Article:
Black locust is one of the most adaptable and easy-to-grow trees for the urban landscape. Due to its showy aromatic flower, it has often been planted as an ornamental, but this practice should be discouraged due to the potential for spread by root suckers.
Red maple’s attractive shape, clean habit, and red fall color have made it one of the most commonly planted trees across the eastern United States including eastern Nebraska. The tree has a remarkably wide native range occurring from Minnesota to Newfoundland south to Florida and Texas, and most points in between.
Sugar maple is one of the most important trees of New England where it is tapped to make maple syrup and is a primary component of that region's beautiful fall color. Though not quite native to Nebraska, sugar maple has proven to be a reliable grower when given good care and favorable site conditions.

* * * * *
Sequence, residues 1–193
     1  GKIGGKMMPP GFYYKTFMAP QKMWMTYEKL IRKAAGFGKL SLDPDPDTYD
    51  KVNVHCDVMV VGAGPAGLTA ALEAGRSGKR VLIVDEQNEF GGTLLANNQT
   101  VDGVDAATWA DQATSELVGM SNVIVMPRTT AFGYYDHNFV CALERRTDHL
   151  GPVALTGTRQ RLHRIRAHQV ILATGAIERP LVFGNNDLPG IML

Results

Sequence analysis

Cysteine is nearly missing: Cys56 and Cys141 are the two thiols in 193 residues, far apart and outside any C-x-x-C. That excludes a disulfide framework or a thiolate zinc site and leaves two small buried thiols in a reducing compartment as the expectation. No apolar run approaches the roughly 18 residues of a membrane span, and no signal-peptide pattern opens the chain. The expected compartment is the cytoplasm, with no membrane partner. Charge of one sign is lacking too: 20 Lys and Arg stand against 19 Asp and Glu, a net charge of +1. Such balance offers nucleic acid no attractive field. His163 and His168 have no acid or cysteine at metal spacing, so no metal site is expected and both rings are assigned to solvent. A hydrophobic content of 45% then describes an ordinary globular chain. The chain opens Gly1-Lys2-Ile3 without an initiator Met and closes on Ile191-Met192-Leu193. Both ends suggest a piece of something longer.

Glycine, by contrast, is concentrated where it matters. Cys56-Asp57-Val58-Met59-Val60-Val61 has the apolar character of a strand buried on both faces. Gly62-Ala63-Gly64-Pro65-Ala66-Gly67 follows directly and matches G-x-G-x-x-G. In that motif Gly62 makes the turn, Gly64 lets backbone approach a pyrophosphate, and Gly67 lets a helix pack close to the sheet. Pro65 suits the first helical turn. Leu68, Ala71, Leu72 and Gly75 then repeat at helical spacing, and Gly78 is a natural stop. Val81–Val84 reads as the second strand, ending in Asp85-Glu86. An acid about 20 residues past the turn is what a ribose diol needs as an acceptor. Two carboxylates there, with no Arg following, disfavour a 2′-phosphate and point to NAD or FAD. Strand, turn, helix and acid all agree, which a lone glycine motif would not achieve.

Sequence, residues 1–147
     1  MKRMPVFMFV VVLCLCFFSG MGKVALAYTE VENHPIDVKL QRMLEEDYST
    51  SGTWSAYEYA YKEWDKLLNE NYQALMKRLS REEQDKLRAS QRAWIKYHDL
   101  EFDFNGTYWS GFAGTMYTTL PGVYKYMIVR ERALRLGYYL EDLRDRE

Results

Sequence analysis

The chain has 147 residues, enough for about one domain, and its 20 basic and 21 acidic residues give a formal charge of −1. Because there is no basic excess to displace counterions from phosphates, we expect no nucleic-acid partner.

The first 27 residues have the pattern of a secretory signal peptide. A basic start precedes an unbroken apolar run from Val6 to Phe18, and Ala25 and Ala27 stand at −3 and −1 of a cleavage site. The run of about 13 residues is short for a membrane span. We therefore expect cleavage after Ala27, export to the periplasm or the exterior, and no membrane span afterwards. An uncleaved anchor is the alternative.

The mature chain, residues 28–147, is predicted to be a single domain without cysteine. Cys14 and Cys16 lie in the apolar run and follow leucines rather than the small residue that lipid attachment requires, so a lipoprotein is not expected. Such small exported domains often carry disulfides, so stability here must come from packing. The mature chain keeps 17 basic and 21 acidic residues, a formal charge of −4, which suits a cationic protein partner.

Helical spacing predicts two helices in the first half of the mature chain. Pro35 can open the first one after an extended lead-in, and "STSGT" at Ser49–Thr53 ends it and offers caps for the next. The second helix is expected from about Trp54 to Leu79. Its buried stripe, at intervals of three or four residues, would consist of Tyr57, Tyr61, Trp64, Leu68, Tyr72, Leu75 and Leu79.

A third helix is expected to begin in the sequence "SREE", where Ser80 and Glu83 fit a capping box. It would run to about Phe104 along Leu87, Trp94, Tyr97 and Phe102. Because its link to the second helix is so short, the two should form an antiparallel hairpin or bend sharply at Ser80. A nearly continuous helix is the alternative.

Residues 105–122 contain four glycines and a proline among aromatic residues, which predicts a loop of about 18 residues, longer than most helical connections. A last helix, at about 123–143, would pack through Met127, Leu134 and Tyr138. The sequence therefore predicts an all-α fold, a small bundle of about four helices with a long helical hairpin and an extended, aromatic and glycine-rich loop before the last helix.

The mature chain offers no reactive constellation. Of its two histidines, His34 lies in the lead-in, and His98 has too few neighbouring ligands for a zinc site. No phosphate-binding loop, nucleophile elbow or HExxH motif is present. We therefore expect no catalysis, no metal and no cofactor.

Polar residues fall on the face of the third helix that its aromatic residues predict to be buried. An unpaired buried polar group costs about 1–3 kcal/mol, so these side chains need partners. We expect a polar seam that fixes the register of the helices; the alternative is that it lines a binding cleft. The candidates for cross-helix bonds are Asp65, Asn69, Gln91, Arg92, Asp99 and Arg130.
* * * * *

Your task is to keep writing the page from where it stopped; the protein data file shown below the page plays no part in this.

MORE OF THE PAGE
Bur oak is considered by many to be the king of Great Plains native hardwoods. It is the most common native oak in Nebraska occurring naturally along many rivers and streams in the eastern third of the state and can be found in pockets here and there as far west as Hitchcock and Dawes counties.
Next to bur oak, chinkapin oak is the second most adaptable white oak that can be grown in Nebraska. It has a wide geographic distribution occurring naturally from Mexico to southern Canada and is native to the southeast part of Nebraska.